by Julia Hingorani
Over the course of four days, a group of students had the opportunity to be a part of the largest congressional simulation conference in the world: the Harvard Model Congress.
Before the conference began, students were given the opportunity to explore parts of Boston, such as visiting Boston College and the John F. Kennedy Presidential Library and Museum. Students were even able to see the Broadway show “Waitress” on the night they arrived.
Nearly a decade ago, Marian took students to conferences for eight or nine years. Other than the Harvard Model Congress, Marian also attended Harvard’s West Coast conference in San Francisco and the Rutgers Model Congress.
“As far as starting it back up this year, I think the idea was to offer an educational trip for students interested in government and social studies-related topics,” English Department Chair Ms. Susie Sisson said.
Any juniors and seniors who were able to pay for the trip were allowed to participate. Fourteen juniors and seniors who are currently or have already taken a government class were able to put their knowledge to the test. Harvard, the oldest university in the United States, sponsored this government-based conference.
On Thursday, Feb. 22, the conference launched into action. In this role-playing experience, each student was assigned the role of real life congress member, senator or member of government. “They are basically pretending to be a government official for the weekend. They’ll sit in committees and debate issues. They’ve done a ton of work ahead of time, and were assigned their parts a few months ago. These issues are happening rights now and they will attempt to try and find solutions,” Sisson said.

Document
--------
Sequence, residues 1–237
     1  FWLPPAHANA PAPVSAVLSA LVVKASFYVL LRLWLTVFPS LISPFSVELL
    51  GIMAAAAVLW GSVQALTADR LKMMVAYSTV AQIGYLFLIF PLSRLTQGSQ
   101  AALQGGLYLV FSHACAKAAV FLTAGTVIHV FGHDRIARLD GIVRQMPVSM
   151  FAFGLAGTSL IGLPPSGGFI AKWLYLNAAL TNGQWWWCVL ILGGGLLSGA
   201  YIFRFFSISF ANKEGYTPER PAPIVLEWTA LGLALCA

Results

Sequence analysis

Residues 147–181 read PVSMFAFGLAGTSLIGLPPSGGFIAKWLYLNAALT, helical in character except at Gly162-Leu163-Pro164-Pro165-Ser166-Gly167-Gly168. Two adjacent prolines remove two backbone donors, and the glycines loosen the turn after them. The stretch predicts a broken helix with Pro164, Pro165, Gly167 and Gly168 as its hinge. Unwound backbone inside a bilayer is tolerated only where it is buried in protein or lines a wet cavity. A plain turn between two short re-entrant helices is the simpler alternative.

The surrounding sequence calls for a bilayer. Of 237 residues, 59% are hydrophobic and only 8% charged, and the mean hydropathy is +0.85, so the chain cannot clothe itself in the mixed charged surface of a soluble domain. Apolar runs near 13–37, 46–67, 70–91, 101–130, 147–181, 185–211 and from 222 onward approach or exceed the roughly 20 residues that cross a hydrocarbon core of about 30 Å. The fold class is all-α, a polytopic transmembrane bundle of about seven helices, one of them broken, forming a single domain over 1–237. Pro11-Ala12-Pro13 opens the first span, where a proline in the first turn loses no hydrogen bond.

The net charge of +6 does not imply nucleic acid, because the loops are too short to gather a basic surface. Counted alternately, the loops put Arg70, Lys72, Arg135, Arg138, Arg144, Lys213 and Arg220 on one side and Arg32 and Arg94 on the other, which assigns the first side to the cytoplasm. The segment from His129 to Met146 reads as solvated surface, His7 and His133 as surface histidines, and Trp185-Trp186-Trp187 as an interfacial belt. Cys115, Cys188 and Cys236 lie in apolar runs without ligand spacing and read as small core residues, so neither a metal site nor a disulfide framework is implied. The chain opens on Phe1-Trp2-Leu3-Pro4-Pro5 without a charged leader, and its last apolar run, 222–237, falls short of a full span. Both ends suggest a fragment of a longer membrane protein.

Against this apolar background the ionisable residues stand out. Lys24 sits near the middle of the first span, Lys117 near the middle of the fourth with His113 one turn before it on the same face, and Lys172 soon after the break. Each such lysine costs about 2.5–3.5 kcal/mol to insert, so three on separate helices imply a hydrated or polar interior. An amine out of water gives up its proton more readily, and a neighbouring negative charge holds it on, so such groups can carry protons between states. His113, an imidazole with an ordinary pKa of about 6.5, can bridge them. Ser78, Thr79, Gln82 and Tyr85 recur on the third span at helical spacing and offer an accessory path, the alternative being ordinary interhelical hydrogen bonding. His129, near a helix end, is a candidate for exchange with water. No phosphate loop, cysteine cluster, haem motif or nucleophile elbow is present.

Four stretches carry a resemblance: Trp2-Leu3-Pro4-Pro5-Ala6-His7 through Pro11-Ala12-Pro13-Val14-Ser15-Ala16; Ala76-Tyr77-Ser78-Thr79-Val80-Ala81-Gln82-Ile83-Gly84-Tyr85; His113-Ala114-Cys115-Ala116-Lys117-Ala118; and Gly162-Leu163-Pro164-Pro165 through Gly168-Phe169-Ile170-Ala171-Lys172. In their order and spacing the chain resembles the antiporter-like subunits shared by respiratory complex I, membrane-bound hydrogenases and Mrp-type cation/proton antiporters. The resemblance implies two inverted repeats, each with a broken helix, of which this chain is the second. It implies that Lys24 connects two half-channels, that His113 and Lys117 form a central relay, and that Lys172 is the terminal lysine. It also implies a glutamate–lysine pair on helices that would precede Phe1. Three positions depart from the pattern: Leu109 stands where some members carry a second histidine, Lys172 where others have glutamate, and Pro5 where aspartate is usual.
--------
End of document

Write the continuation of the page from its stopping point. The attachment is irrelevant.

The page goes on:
The entire time at the conference, students were to be referred to as their given role. “I was a part of the G20, so this meant that for the most part people refer to each other as their country rather than their actual name,” junior Lauren Philips said.
While acting as a government official, students participated in a number of simulations. Students were able to engage in committee meetings, open debates, trials, press conferences, testimonies and caucuses.
Students were presented with a modern issue facing the world at the beginning of the day and drafted a bill as a solution to solving the issue. Some of the issues students faced included student loans, confederate symbols and how to work on water crises around the world.
“I was in the National Economic Council and I dealt with the Student Debt Crisis and U.S. Sanctions. We passed a resolution called TIDEPODS which was about privatizing student loans,” senior Donna Yang said.
After drafting a pseudo bill, students followed it through committee meetings before the House and Senate. If the proposed bill is approved by the House and Senate, it would proceed to the Executive Branch. If actually passed as legislation, the bill proposed by the students could be sent to the White House for consideration.
This hands-on experience has allowed students to expand their perspectives and understanding of how issues are dealt with in the government. “I knew I would be learning, but the knowledge that I attained extended far beyond parliamentary procedure and how Indonesia feels about globalization, I learned a lot about interacting with other people and how to effectively get an idea across and work with other people to create change,” Philips said.
Being able to witness a simulation of the political process can help spark an interest for a career in government or policymaking.